Every day millions of calls are made to call centers, with millions of call center agents, generating billions of dollars in revenue each year, in the U.S. alone. The sheer scale of this is mind-boggling. Alexander Graham Bell would have had no idea just how much people would rely on the telephone he invented 140 years ago.
These calls generate a huge quantity of data. This is a prime example of the often-used phrase Big Data. But what do you do with this data?
How You Say it Makes a Difference
You can get summary from a transcript, but it tells you nothing about the emotions expressed during the call. Without this emotional intelligence, its hard to tell if the call was good or bad.
Traditionally, call center success has been measured in terms of quantity. Common metrics include the percentage of calls answered within 20 seconds, calls per day, cost per call, or average handling time per call. These metrics all have a role to play in determining the success of your call center, but they lack one key element call quality. Without some measure of call quality, how can you truly determine the success of a call?
Obviously, some call centers have metrics indicate quality in an indirect fashion. While the total of sales made by anagent does not directly indicateanything about the quality of their calls, it does give an indirect indication. If the agent were poor at her job, she would be unable to make sales. However total number of sales is rudimentary measure of quality, and only really shows the ability to close a sale. Basic metrics do not provide any indication of the customers mindset, or how exactly the agent was able to gain success on that call.
The problem is that often the outcome of a call is relatively intangible. There are at least two parties to any call. Each participant is a living, breathing human being, with a whole life going on outside this short conversation. Therefore any data that a call center company can gather concerning the participants emotions is of immense value.
The Impact of Emotional Intelligence on a Call
We can learn an incredible amount from the emotions that people express in their voices.
To gain emotional intelligence, one may ask, what emotional state was the customer & the agent at the time of the call? Was the agent following company protocol? Were they sounding enthusiastic, and listening, or were they simply going through the motions? Didthe customer showing genuine interest, or were they simply trying to get rid of the agent?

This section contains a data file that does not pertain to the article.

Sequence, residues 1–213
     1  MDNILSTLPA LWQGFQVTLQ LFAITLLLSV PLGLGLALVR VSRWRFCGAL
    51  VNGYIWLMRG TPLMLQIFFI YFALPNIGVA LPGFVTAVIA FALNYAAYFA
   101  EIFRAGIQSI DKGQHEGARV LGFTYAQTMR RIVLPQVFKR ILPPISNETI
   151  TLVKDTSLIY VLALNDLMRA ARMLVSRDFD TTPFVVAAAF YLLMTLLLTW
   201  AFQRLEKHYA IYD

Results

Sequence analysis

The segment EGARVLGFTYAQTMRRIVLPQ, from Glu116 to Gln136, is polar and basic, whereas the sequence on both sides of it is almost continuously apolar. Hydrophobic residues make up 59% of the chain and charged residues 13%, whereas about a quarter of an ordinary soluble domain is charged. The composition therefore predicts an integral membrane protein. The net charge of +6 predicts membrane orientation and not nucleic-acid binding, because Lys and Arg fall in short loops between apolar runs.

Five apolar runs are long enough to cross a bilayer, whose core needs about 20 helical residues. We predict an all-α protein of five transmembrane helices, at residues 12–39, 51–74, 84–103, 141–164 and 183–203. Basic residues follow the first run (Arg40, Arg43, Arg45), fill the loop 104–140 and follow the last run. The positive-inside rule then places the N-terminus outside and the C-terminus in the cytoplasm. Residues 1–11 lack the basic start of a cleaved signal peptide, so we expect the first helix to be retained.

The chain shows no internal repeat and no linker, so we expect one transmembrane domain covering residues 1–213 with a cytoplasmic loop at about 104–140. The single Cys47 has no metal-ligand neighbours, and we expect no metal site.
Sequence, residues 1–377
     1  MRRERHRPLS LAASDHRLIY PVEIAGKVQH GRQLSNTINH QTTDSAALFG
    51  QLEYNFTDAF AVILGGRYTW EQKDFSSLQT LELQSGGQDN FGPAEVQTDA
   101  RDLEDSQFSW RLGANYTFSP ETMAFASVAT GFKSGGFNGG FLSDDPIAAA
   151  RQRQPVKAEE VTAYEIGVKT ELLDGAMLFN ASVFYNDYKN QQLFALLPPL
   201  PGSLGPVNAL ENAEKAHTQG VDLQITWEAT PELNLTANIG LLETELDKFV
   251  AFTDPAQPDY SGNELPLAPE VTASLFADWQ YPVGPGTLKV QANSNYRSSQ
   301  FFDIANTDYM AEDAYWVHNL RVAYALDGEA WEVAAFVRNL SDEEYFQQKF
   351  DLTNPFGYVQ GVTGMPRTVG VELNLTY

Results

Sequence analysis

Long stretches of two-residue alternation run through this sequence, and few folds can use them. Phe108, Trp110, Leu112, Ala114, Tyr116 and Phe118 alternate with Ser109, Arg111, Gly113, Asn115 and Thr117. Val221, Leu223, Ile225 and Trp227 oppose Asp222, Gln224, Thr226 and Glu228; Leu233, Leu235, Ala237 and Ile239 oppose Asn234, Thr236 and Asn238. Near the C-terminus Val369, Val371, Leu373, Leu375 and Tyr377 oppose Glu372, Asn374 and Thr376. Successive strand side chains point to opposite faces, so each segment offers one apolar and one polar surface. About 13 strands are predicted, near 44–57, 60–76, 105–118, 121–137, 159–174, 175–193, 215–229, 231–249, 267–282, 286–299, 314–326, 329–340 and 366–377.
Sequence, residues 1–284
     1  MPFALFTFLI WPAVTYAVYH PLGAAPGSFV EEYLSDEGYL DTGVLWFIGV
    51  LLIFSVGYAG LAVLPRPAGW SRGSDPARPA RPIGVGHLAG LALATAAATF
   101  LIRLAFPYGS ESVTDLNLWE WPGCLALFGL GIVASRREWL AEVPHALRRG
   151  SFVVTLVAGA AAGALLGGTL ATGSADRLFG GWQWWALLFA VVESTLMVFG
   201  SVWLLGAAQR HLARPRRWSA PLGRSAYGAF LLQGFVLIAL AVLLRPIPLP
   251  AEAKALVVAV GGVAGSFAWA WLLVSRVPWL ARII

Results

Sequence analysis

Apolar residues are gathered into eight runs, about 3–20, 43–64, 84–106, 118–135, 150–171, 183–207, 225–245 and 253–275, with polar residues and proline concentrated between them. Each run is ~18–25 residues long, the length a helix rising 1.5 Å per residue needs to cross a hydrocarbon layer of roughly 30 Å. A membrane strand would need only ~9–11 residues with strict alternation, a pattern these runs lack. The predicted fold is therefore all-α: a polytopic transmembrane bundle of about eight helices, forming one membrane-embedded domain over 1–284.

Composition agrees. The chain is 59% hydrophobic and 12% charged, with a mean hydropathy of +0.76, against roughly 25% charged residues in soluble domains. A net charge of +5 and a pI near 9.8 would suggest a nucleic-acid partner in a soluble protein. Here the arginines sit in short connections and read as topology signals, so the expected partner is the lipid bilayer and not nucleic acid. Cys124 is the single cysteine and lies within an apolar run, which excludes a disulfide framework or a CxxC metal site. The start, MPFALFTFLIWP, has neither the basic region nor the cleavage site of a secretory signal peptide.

Take the phrase in the title of this post, for instance. If we follow the practice of showing vocal emphasis in caps when written, I LOVE YOU would be shouted for all to hear. On the other hand I love you is more of a passivestatement of fact, saidmore because it is expected to be said, than expressingreal feeling.
Additionally, you can interpret the sentence depending on where the speaker places his or her emphasis. For example I LOVE you indicates that the speaker fully loves, and not merely likes, the other person. I love YOU means that the speaker directs their love to the person they are talking to, not anybody else.
While call center agents probably dont go around expressing their love to clients, the message is still the same. Context and emotions mean everything in spoken conversation. It is not just the words that people say that are important. The emotion and meaning behind them are equally important.
Every day, call center create a large amount of Big data, just by recording their calls. While some analytics tools provide insight into the words said on a call, they do not provideemotional intelligence to determine quality outcomes. By adding a predictive voice analytics tool, it is now possible to unravel a conversation to gain Emotional Intelligence from the information hiding your big data.